The foreshore describes the land along the edge of a body of water that is repeatedly submerged and revealed by the tide. It is a region of constant flux and unclear jurisdiction.
It is the wet part of the beach.
Generating questions, confluence, and aggregation inspired by the conditions of the foreshore, this program was a collaborative pursuit and shared space between Other Sights, Contemporary Art Gallery and Access Gallery during 2016 and 2017. Program producers from Other Sights included Jen Weih (lead), Vanessa Kwan, Marko Simcic, Barbara Cole, Colin Griffiths and Lorna Brown. Program contributors from Contemporary Art Gallery and Access Gallery were Kimberly Phillips, Julia Lamare, Catherine De Montreuil, and Chelsea Yuill. The foreshore was supported by Canada Council for the Arts, the Province of BC through BC Arts Council and BC Gaming Policy and Enforcement Branch, the City of Vancouver, Burrard Arts Foundation, The Hamber Foundation, The Canadian Union of Public Employees Local 15 and each organization’s committed donors, members and volunteers.
Foreshore 2016-17 took place on unceded and occupied territory, specifically that of the Skwxwú7mesh (Squamish), xʷməθkʷəy̓əm (Musqueam), and səl̓ilwətaɁɬ (Tsleil-Waututh) Nations.
The foreshore has since served as a fertile operative metaphor for Other Sights’ thinking for some years, developing into several programming strains, including the 2018 Foreshore Listens audio zines, the 2020 Flood (Displaced Horizon) billboard project, and the 2022-2024 Sovereign Waterways public art project at the Blue Cabin. In 2022, Other Sights focussed again on recognizing the abundant philosophical, metaphorical and physical potential of this interstitial space.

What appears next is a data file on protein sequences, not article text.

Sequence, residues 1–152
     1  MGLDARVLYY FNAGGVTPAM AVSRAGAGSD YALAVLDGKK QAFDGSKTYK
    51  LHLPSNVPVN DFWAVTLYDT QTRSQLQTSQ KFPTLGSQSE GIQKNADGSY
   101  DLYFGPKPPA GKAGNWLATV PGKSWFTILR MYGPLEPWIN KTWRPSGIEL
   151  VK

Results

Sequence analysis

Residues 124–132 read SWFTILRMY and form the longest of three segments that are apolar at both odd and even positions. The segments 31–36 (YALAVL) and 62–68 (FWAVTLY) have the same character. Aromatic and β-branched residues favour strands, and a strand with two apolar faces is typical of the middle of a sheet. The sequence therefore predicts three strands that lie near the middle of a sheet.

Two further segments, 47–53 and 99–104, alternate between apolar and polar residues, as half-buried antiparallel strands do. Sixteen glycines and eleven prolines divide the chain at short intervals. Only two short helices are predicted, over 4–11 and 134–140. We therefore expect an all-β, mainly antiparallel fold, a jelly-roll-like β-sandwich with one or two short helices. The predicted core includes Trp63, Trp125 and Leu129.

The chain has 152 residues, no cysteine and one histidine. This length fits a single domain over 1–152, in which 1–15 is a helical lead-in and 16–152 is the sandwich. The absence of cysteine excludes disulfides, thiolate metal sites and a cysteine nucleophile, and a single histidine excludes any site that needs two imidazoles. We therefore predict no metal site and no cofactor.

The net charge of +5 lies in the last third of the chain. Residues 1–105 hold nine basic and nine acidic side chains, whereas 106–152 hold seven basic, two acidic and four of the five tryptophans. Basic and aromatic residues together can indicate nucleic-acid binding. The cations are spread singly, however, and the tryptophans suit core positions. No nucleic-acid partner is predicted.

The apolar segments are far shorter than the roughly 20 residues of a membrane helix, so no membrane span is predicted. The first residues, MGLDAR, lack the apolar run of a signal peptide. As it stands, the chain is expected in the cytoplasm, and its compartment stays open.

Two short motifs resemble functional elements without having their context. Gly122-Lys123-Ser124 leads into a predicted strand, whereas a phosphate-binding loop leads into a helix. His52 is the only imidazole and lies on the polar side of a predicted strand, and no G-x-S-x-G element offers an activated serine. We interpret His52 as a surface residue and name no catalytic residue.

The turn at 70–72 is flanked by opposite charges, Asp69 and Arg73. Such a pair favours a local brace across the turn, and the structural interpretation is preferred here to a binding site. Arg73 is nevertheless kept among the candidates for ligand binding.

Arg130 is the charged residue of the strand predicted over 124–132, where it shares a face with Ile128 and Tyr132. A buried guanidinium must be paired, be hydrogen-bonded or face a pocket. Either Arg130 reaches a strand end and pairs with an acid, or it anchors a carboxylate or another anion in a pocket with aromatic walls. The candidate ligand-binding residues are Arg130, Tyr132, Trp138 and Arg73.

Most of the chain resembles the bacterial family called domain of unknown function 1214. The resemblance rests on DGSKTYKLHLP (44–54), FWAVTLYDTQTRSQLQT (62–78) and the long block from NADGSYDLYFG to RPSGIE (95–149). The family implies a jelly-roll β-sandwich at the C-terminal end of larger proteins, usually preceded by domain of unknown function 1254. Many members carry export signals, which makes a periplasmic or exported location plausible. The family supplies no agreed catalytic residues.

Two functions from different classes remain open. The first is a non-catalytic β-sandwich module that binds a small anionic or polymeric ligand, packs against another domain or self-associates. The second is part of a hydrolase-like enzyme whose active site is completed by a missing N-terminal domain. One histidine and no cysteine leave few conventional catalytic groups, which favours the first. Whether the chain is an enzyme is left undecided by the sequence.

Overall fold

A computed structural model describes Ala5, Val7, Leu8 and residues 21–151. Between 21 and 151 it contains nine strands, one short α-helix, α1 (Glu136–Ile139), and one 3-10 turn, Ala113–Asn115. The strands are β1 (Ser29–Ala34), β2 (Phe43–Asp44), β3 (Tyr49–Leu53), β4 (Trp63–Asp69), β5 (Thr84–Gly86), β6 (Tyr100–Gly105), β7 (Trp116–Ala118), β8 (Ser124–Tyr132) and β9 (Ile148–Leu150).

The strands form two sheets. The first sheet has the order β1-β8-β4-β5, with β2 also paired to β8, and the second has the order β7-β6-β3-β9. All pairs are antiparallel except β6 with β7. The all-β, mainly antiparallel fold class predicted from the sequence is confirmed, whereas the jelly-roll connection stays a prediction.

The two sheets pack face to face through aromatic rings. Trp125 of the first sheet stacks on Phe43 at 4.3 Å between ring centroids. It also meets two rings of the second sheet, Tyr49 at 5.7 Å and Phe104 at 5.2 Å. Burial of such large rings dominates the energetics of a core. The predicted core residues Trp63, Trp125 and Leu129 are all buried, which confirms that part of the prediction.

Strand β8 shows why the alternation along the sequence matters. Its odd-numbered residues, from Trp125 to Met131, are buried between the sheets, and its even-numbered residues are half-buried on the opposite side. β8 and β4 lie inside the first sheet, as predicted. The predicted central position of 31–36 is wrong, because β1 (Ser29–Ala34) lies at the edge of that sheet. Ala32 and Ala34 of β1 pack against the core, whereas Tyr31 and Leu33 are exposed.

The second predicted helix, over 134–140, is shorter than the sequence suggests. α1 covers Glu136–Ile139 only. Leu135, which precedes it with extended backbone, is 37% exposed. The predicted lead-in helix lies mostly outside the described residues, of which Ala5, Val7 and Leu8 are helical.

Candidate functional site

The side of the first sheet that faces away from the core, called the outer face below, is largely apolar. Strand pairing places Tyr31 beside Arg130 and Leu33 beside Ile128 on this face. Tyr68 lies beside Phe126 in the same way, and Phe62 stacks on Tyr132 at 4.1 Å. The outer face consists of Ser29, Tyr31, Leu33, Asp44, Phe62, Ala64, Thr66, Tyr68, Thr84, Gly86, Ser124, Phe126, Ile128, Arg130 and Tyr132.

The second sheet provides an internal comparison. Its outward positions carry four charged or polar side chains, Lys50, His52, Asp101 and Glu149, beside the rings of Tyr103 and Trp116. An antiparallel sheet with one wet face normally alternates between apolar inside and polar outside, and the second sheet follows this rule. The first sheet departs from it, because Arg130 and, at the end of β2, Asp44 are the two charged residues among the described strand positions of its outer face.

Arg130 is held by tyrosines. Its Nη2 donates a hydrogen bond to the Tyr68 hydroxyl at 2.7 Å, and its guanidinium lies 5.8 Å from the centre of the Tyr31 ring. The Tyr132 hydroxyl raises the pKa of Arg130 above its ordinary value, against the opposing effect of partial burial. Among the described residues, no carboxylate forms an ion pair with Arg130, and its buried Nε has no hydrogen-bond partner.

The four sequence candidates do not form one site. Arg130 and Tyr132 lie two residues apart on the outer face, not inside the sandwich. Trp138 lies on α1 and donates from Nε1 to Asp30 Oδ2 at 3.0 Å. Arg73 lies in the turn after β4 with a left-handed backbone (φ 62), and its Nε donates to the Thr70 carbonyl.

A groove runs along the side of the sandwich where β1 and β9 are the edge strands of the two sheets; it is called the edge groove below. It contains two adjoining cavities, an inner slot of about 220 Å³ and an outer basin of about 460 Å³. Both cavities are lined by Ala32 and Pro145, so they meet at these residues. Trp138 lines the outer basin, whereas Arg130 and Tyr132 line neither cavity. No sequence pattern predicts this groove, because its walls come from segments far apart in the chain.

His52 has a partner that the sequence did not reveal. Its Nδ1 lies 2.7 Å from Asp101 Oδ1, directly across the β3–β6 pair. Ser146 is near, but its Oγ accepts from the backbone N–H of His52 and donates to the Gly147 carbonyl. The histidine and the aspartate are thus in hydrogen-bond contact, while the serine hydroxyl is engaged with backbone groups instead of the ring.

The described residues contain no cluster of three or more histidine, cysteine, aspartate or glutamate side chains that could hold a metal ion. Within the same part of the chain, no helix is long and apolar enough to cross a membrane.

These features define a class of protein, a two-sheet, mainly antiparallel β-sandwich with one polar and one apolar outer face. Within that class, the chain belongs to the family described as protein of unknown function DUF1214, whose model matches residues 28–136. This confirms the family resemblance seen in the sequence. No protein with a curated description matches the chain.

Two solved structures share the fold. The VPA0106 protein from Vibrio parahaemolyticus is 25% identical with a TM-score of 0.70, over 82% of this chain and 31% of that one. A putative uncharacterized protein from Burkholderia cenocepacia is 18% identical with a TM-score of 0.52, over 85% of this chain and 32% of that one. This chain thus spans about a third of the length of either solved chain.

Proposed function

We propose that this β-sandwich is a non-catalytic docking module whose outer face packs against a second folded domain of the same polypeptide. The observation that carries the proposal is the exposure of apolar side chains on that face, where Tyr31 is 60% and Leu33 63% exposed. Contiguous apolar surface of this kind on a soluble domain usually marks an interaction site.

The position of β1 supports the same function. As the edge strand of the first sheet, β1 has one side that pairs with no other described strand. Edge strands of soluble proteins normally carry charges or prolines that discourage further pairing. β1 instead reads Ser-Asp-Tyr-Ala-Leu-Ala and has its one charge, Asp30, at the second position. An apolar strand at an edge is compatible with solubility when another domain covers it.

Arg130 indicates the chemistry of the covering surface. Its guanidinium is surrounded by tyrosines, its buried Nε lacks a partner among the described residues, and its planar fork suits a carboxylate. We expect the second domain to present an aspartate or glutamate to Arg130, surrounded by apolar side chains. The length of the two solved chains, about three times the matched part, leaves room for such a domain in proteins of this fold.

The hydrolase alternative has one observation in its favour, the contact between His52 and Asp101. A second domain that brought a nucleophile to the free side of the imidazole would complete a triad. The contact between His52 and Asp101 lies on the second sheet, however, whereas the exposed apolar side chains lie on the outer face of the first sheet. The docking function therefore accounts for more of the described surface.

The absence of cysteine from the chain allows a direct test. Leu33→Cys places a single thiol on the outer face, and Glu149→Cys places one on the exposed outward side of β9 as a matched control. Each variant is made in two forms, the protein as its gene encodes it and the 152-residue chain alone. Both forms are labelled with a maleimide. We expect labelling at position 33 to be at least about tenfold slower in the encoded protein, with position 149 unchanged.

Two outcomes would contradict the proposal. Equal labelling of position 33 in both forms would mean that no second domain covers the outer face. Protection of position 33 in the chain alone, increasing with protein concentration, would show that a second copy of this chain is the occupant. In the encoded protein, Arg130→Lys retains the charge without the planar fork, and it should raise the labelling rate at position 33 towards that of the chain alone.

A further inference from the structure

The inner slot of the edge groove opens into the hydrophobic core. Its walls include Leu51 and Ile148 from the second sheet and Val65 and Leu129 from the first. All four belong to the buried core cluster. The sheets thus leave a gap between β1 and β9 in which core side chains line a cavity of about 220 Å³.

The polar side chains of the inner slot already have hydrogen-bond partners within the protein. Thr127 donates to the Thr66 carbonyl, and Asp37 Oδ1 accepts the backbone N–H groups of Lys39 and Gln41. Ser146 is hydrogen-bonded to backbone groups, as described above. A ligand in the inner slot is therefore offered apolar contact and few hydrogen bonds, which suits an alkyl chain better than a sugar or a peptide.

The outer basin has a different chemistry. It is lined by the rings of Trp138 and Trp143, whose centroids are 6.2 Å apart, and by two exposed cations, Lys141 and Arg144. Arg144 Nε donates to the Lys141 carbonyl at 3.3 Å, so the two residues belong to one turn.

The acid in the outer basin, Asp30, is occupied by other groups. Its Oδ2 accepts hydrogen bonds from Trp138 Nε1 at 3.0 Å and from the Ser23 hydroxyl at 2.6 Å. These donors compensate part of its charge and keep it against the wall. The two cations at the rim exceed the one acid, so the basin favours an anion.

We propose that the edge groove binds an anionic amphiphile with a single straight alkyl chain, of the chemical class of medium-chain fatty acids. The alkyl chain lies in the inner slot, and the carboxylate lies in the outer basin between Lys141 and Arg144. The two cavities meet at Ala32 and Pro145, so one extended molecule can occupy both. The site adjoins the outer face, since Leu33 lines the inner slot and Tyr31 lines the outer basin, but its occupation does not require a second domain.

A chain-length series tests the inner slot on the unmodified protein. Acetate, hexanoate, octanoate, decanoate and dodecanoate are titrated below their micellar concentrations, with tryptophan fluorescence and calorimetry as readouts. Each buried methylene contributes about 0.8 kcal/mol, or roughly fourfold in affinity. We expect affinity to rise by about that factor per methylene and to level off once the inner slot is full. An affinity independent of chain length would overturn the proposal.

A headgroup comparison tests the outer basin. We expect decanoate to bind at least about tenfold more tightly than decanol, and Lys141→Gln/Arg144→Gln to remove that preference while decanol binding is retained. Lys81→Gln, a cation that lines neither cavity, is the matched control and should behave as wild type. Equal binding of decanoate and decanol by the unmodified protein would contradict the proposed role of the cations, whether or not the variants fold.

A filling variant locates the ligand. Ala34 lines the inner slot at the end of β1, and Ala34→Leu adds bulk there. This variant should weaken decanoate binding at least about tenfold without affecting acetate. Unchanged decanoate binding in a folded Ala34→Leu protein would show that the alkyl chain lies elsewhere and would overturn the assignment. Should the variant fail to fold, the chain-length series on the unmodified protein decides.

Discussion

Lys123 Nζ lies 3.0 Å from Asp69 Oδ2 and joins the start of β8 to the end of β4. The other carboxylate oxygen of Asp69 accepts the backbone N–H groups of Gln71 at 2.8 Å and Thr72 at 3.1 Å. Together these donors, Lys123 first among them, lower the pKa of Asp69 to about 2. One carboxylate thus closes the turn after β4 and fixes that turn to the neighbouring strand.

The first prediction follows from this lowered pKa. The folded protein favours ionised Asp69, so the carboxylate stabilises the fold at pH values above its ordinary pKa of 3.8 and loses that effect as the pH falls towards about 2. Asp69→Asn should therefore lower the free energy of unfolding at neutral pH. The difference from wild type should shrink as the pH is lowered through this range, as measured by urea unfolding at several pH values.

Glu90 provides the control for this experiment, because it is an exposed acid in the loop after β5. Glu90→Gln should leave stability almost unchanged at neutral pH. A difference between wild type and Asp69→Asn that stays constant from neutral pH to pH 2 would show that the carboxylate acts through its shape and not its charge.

Foreshore Immersive revisits the presentation format of past 2016-17 sessions and explores critical ideas and research from artists, writers and thinkers who are all working to address the many uncertainties and challenges of our present time. Foreshore Immersive will assess the ever changing conditions of public spaces at this phase in the pandemic, survey ongoing urgencies of climate crises, explore ways of applying queer theory to maritime disaster and colonial failure, and celebrate the resurgence of Indigenous-led forms of scholarship and leadership.
Foreshore Immersive will take place at Branscombe House and The Blue Cabin in Richmond on the unceded lands and waters of the xʷməθkʷəy̓əm (Musqueam), Tswwassen and Kwantlen Nations.
2023 Project Partners:
Site Design Sylvana dAngelo
The foreshore exists at the edge of the city. Can we bring it to the centre?
Can there be land that is not property?
What is, as yet, unseen?
An unregulated public makes inconvenient demands (GIF) Justin Langlois for The Foreshore, Other Sights @ Access Gallery, 2017